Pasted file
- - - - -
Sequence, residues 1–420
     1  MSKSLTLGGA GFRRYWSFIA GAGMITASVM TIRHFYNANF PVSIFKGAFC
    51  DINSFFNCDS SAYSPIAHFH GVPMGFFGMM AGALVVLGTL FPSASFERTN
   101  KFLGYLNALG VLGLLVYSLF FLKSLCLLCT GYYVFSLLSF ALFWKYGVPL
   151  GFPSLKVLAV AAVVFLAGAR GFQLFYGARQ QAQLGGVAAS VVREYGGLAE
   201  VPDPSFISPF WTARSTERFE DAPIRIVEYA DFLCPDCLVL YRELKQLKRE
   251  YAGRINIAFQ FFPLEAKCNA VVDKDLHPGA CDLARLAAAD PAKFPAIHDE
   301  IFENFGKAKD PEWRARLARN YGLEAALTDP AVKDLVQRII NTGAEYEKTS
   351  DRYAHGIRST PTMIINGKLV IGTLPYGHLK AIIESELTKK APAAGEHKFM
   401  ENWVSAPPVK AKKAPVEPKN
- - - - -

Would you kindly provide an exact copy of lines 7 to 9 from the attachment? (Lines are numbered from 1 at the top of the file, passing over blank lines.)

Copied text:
   251  YAGRINIAFQ FFPLEAKCNA VVDKDLHPGA CDLARLAAAD PAKFPAIHDE
   301  IFENFGKAKD PEWRARLARN YGLEAALTDP AVKDLVQRII NTGAEYEKTS
   351  DRYAHGIRST PTMIINGKLV IGTLPYGHLK AIIESELTKK APAAGEHKFM